Exploding urban populations during the nineteenth century demanded new solutions towards burying the dead. Traditional congregational graveyards were either full or overcrowded. A combination of practical thinking and the wish to commune with nature (inspired by Romantic poetry) led to the development of serene burial grounds outside the city boundaries.
Founded as a “rural” or “garden” cemetery in 1838, Brooklyn’s Green-Wood Cemetery is famous for its picturesque landscape features with evocative names such as Camellia Path, Halcyon Lake, Oaken Bluff, or Vista Hill. Elaborate monuments and mausoleums, designed in an array of architectural styles, honor the Lispenard dynasty (Norman), William Niblo (Gothic), the Steinway family (Classical), and others.
And then there is the Feltman mausoleum, the columns of which feature Corinthian capitals. On each side of the doorway stands a trio of mourning figures. Those on the left hold symbols of faith (cross and doves); those on the right show grief and sorrow. The pediment features two cherubs holding a wreath with the initial F in the center. On top of the temple is a cupola with the Archangel Michael standing guard, sword at the ready. The building serves to celebrate the memory of just one man. Who was this person? A Founding Father maybe? A respected politician (if that is not a contradiction in terms)? A celebrated artist?
By the mid-nineteenth century, German immigrants in London made up a large percentage of local butchers and confectioners. They virtually monopolized bread making in the East End. During the 1860s beer gardens became popular, the largest of which became Ye Olde Gambrinus with branches in both Regent Street and Glasshouse Street, Piccadilly. Offering a range of German lagers on tap, its frankfurter sausages were famous and in demand.
By the turn of the century about ten percent of all London waiters and waitresses, as well as many hotel and restaurant managers, were of German background. They would have arrived in England fully-trained thanks to the apprenticeship system in their homeland. The oldest à la carte restaurant in the city was Verrey’s at no. 229 Regent Street (on the corner with Hanover Street). The house was established in 1826 and took its name from a Swiss confectioner who had started his business after leaving Lausanne in the 1820s.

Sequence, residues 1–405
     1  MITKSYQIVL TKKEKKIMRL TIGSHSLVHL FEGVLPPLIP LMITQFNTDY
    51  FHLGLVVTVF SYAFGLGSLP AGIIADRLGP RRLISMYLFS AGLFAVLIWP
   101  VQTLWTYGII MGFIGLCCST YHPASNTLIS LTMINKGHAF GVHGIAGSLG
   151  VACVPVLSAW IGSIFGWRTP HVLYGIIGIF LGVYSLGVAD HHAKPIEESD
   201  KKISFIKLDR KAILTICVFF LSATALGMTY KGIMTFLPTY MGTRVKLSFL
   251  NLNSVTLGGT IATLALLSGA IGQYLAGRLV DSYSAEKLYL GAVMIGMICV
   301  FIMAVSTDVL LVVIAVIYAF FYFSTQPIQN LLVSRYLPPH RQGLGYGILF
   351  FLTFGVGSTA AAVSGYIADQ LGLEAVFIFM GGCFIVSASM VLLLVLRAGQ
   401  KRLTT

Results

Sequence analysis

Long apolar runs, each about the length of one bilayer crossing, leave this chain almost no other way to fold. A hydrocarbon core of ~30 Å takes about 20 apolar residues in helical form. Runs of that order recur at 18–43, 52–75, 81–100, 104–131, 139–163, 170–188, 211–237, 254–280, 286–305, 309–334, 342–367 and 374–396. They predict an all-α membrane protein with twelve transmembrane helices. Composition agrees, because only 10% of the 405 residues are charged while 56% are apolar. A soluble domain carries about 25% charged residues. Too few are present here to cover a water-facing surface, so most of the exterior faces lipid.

The establishment was taken over by George Krehl (I) who had moved to London from Stuttgart in 1850. He turned the establishment into an exclusive restaurant with a splendid dining area known as the Cameo Room (each of its panels carried a Wedgwood-styled medallion). Tennyson and Gladstone were regular diners. A special table was reserved for Charles Dickens and Wilkie Collins whenever the two friends dropped by.
Krehl’s son and successor devoted his spare time to dog breeding. George (II) imported a number of breeds (including the French basset hound) and edited the Illustrated Kennel News since its first appearance in February 1902, a periodical that continues to this day as Dog World. He was responsible for popularizing the dachshund (literally: badger dog) in Britain.
The German breed dates back to the fifteenth century when the dog was trained for hunting purposes. By the mid-nineteenth century, the dachshund was registered by the Kennel Club. Introduced to the breed by her German husband Prince Albert, Queen Victoria owned a number of dachshunds throughout her reign, several of which were immortalized in paintings.
The timing of the dachshund’s arrival in America ran more or less parallel with its introduction into Britain. The dog was brought over by German immigrants and used for hunting. For its looks, wagging tail and lively temperament, it won public sympathy. The Dachshund Club of America was founded in 1895. At Manhattan’s 1913 Westminster Kennel Club dog show in Madison Square Garden the breed had one of the largest entries.
German migrants also brought their sausage culture to America. One of the oldest forms of processed food, Frankfurt is traditionally credited with originating the “frankfurter.” The counter claim is that this sausage was first prepared in the late 1600s by Johann Georghehner, a butcher living in Coburg who had traveled to Frankfurt to promote his product. Others point to Vienna as the birthplace of the “wiener” sausage.
All one can conclude is that the origin of the “dachshund sausage” should be traced back to a Germanic tradition of butchering. Comparing the shapes of sausage and dog most likely started as a joke. The moniker stuck. In Britain and America the dachshund is known to this day as a sausage dog.